23. Specifically, the national standards for physical collocation intervals that we adopt in this Order will decrease the costs and delays small competitive LECs encounter in seeking to collocate at incumbent LEC premises. In particular, the provisioning interval requirements we adopt (paragraphs 12-16 of this Supplemental FRFA), should enable competitive LECs that are small entities to bring services to potential customers more quickly than previously and thus increase their ability to compete against larger firms. Similarly, the adjunct collocation requirements (paragraphs 17 and 18), space denial standards (paragraphs 19 & 21), and safe-time work practice standards (paragraph 20), adopted in the Order should benefit competitive LECs that are small entities helping them obtain the collocation space they need to compete and otherwise helping them streamline their collocation-related operations.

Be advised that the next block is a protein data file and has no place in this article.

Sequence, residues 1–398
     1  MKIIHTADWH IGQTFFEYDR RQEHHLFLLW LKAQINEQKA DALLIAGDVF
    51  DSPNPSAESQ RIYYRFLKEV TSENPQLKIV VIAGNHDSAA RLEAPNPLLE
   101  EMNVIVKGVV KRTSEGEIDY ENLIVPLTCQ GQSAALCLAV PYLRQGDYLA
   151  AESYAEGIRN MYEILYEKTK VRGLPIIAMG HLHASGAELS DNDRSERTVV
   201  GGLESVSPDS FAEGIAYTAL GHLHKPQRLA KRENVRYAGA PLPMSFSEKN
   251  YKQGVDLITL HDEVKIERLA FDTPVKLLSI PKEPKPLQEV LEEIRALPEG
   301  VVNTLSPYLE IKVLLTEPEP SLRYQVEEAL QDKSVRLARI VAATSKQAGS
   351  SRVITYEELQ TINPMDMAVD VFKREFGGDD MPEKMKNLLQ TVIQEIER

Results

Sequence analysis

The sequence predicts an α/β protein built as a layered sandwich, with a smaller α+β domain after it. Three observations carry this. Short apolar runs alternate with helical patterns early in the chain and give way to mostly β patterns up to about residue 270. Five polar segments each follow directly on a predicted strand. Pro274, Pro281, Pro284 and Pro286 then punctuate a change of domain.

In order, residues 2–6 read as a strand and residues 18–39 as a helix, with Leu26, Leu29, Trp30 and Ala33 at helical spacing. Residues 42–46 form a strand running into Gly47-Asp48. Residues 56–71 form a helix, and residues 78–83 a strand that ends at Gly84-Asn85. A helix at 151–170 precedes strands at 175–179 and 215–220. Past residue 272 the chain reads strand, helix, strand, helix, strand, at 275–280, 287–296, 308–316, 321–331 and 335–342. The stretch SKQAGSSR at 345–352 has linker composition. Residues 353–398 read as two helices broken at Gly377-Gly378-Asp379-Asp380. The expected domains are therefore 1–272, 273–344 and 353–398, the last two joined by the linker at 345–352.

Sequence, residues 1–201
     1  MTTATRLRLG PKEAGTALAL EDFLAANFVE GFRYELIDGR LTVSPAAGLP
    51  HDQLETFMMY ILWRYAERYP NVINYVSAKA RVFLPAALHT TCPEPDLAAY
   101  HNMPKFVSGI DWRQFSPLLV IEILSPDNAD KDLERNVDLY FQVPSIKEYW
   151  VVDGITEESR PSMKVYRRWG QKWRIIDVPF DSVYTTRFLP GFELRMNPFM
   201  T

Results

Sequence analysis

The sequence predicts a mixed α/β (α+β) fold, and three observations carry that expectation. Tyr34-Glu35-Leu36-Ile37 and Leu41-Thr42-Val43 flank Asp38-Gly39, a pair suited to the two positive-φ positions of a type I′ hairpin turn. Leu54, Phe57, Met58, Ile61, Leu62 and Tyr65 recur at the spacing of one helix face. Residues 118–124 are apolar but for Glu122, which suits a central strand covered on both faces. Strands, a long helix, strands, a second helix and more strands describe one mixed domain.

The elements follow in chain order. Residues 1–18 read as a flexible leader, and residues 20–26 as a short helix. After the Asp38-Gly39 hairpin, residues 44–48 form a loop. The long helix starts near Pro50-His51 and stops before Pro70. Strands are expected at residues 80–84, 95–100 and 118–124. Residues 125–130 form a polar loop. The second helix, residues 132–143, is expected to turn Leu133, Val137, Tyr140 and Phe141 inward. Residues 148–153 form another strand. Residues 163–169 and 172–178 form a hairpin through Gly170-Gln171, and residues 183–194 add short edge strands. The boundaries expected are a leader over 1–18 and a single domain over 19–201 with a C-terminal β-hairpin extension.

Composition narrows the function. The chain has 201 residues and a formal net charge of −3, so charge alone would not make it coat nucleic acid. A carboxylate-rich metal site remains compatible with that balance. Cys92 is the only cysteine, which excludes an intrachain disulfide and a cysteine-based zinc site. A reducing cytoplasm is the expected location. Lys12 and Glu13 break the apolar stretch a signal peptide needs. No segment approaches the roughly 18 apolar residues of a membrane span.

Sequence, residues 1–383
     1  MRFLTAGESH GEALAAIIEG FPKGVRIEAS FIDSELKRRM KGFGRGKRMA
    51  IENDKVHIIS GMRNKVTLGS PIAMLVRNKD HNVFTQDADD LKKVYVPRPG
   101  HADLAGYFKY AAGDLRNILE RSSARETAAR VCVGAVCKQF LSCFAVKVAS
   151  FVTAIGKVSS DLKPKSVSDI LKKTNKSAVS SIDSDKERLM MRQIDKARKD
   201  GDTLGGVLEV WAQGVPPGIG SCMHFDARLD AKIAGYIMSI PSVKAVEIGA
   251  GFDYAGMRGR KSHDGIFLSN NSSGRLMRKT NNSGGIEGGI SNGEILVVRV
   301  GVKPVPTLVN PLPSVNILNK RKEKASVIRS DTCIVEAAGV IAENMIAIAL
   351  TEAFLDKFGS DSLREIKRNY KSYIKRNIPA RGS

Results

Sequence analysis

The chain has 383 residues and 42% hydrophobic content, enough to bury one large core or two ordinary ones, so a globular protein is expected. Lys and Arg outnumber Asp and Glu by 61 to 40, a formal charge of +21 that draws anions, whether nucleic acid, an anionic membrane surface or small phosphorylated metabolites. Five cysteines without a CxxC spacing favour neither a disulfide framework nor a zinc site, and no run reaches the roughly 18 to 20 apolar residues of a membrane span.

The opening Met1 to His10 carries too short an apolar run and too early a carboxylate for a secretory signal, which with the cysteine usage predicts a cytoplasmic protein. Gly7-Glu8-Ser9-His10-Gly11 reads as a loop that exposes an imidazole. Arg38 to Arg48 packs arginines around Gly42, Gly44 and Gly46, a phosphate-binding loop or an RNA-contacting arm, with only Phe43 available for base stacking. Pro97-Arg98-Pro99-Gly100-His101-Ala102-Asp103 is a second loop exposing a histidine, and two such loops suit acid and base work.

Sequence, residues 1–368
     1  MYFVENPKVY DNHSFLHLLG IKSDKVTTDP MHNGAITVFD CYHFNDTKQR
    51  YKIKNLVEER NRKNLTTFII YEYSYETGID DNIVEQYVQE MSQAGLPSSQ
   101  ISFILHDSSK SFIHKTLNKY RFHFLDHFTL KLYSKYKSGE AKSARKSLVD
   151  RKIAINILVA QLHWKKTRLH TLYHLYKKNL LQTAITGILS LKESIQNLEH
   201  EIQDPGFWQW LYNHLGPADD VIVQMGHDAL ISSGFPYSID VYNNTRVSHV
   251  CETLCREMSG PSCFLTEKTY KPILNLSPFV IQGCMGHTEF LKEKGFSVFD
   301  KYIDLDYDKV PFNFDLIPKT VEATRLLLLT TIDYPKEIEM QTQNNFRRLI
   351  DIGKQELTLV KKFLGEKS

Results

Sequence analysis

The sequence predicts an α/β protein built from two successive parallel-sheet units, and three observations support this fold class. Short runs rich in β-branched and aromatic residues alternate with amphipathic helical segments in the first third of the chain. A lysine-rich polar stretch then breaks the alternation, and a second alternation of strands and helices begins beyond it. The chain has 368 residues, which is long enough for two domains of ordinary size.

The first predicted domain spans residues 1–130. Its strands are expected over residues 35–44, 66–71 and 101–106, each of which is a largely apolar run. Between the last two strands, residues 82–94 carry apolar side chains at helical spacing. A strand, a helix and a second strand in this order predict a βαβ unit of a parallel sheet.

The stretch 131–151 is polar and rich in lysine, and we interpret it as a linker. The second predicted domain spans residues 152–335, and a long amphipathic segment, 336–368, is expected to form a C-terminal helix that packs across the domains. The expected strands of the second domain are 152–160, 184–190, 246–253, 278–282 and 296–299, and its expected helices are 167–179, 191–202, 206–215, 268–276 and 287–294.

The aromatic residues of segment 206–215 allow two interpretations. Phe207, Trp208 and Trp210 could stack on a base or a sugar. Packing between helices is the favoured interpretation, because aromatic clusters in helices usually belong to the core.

24. We require that, except to the extent a state sets its own standards or the requesting carrier and the incumbent LEC have mutually agreed to alternative standards, an incumbent LEC must notify the requesting telecommunications carrier as to whether a collocation application has been accepted or denied within ten calendar days after receiving the application. We also require that if the incumbent LEC deems a collocation application unacceptable, it must advise the competitive LEC of any deficiencies within this ten calendar day period. We require that an incumbent LEC must provide sufficient detail so that the requesting carrier has a reasonable opportunity to cure each deficiency. We specify that to retain its place in the incumbent LEC's collocation queue, the competitive LEC must cure any deficiencies in its collocation application and resubmit the application within ten calendar days after being advised of them. We also require that, if the requesting carrier informs an incumbent LEC that physical collocation should proceed within seven calendar days after receiving the incumbent LEC's price quotation, the incumbent LEC must comply with the 90 calendar day provisioning interval set forth below, or any alternative interval set by a state commission or agreed to by the requesting carrier and the incumbent LEC.